• 1 1/2 cups sifted sprouted spelt flour
  • 1/2 teaspoon unrefined sea salt
  • 3/4 cup cold lard (chopped into 1/4-inch cubes)
  • 1/2 cup very cold water
  • 4 eggs
  • 1/2 cup whole, unrefined cane sugar
  • 1 cup maple syrup
  • 2 tablespoons butter (melted)
  • 1 tablespoon vanilla bean powder
  • 1 1/2 cups pecan halves (preferable soaked overnight and dehydrated)


  1. Preheat the oven to 350 F.
  2. Using a standmixer, whisk flour with salt, then cut in lard and continue to whisk until the flour resembles corn meal. Remove the whisk attachment, and replace it with the dough hook. Slowly add the cold water and process until the dough forms a ball that cleans the sides of the bowl.
  3. Remove the ball of dough from the mixer, and roll it our between 2 pieces of parchment paper until it is 1/8-inch thick. Place the disc of dough into a 9-inch pie pan and place in the freezer while you prepare the remaining ingredients.
  4. In a large bowl, beat eggs with cane sugar, maple syrup, melted butter and vanilla bean powder.
  5. Remove pie crust from the freezer, pour in filling and arrange pecan halves on top. Bake until the crust is golden, but the center is still wobbly - about 40 minutes. Allow to cool completely before serving.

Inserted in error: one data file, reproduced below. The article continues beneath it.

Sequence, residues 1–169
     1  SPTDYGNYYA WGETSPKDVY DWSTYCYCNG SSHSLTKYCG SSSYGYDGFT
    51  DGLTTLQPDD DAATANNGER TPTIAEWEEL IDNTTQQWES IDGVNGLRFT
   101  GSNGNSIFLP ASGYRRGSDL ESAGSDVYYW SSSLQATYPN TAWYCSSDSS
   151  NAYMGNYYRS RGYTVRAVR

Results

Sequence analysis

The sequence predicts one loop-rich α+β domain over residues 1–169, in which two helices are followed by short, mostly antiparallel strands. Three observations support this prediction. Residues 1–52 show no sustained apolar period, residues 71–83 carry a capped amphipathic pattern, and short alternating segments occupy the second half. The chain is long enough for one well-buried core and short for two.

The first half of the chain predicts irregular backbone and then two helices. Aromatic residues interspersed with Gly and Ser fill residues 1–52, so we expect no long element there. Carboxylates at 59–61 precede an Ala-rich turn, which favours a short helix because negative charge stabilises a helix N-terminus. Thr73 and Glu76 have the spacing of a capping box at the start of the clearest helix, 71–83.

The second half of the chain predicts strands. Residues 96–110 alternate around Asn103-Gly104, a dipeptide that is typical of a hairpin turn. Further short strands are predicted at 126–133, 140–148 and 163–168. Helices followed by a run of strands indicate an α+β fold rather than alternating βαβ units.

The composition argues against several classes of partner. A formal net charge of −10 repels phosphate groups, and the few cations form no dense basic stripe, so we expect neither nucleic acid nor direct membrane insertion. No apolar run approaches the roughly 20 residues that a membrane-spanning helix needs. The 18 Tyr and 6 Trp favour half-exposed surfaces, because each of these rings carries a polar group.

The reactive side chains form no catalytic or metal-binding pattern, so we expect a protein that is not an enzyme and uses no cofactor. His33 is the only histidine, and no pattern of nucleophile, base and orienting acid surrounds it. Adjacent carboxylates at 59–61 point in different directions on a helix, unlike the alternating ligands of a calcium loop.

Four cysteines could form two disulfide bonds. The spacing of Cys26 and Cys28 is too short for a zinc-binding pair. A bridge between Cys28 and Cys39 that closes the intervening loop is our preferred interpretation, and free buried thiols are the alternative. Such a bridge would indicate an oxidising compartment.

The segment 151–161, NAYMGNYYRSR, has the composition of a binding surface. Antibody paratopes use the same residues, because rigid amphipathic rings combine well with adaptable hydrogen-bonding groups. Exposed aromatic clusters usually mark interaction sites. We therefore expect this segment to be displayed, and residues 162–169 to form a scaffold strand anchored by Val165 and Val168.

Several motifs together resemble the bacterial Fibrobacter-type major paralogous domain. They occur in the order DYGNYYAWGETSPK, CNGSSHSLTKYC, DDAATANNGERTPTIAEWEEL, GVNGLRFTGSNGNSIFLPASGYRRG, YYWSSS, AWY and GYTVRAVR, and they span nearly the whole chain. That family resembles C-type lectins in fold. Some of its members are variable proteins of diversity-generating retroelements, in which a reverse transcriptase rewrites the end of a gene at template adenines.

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What people are saying

    • Cathy says

      I intend to make this and don’t have lard on hand. I will let you know how it works with butter. But if you try this before I do, let me know. 😉

  1. Gabrielle says

    We used to live near someone who had a commercial walnut orchard who told us about walnut pie. I love pecans but my husband prefers walnuts as they aren’t as sweet. I tried making pecan pie with walnuts and I actually preferred it…which is saying something because I don’t like walnuts.

  2. Jennifer Henry says

    Oh this looks beautiful and delicious. Is there any potential replacement for the sugar? I can eat everything else in the recipe but if I add the sugar I have a nasty reaction. Any suggestions?

  3. heather says

    Hi. I would love to make this gorgeous pie. What would be equivalent be for the vanilla powder if I am using vanilla extract? Thanks!

  4. KimH says

    I’ve got that Texas Pecan Pie love as well I only make one once a year.. and this year Im gonna have to try yours… Thanks!! Happy Thanksgiving!

    • Cathy says

      I have made pie crust with whole wheat pastry flour and it turns out fine, though not this exact recipe. I am going to try it the way you suggest (since it’s what I have on hand), and will let you know. But feel free to post your results if you get around to trying it first!